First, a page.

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California Heartland

 


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  Season 8 - Episode 809
 

Vineyard Compost

Vineyard Compost

Vineyard Compost

Vineyard Compost

Vineyard Compost



  Vineyard Compost

Any great wine begins in the soil. But for a growing number of Northern California Winemakers it's not just any land. The soil in some Napa Sonoma vineyards has a unique tie to some of the finest restaurants in the San Francisco Bay Area. Table scraps from what feeds diners are turned into a high-grade compost to feed the vineyards. Winemakers do get some strange reactions when they tell their customers about the unique relationship between a bottle of wine and gourmet garbage.

"When I tell then that it's made from table scraps that are from a restaurant they may have dined in the night before they find that quite amusing. But they say they don't feel quite as guilty about leaving something on their plate," said Kathleen Inman, owner of Olivet Grange Vineyards and Inman Family wines. The Russian River valley winemaker has been using what's appropriately called "Four Course" compost since she got into the wine business a few years ago. Inman says she just likes the whole idea. "And I see this as a loop from the table to the vineyard and then our wines are served again on the tables of these restaurants, completing the whole circle," she said.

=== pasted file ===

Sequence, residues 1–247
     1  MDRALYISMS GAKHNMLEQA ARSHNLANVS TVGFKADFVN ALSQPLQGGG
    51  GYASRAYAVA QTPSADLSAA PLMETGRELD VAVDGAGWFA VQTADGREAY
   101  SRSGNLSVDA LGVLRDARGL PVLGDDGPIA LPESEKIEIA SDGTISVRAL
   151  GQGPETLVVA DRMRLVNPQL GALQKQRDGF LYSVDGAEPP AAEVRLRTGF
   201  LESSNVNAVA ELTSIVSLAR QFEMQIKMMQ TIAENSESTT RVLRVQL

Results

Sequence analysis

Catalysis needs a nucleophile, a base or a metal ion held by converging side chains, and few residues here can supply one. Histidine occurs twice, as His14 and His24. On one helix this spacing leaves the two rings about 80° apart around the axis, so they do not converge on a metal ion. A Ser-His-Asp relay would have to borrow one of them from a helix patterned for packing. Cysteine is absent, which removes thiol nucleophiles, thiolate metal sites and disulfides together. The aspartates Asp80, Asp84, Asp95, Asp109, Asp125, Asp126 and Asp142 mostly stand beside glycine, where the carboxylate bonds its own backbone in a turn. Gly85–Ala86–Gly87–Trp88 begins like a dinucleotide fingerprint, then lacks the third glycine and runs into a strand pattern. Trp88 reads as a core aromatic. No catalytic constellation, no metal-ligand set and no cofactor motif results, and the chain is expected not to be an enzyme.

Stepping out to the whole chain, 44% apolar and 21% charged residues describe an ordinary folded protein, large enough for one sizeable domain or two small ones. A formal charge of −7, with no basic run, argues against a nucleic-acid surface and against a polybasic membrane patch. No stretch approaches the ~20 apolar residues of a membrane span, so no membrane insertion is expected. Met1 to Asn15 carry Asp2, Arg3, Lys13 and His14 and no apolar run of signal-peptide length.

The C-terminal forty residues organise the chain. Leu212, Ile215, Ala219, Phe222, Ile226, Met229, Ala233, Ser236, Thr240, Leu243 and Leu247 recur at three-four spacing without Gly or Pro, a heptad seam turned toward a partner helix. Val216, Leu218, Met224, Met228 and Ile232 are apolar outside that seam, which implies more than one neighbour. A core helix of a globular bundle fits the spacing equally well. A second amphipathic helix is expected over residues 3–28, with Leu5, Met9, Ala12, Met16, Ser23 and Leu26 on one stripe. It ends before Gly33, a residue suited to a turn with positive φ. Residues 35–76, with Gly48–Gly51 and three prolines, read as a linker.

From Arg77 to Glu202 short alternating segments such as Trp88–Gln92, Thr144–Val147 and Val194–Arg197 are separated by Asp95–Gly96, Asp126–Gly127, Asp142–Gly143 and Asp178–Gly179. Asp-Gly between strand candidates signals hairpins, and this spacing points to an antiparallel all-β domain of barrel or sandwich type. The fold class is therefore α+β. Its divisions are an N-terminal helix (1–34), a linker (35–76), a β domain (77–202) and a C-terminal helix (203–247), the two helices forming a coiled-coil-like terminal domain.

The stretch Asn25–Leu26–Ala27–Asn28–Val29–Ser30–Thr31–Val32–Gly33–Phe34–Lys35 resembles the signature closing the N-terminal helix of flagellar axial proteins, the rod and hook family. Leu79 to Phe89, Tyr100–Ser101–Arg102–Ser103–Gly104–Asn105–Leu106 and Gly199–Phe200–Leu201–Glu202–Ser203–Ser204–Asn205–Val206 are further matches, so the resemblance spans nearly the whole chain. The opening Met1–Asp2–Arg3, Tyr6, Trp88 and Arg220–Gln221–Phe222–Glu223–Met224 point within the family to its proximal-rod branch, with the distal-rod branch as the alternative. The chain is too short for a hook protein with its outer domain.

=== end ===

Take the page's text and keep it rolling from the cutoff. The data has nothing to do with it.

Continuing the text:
It's a circle that starts in the kitchen. L.J.'s Martini Club and Grill is one of the eight restaurants in San Francisco's Metreon Entertainment Center that's participating in the recycling program. Operations Manager Jonathan Cook said the practice fits right in with Metreon's philosophy. "As a company we're really committed to the community and the environment and when we found out we could convert our food waste into fertile soil really easily it was just an amazing concept," said Cook.

He said Metreon restaurants produce 40 thousand pounds of scraps a month for composting and that means less waste in landfills and a lower garbage pick-up bill. The center is one of more than 200 food-related businesses and 75 thousand San Francisco households providing food scraps for compost.

Kathleen Inman, who's proud of her Pinot Gris and Pinot Noir, says this rich compost makes being a grower even more gratifying. Great tasting grapes for the finest wine and the warm feeling of helping to complete the crop circle.

 

 

 

 
   

 

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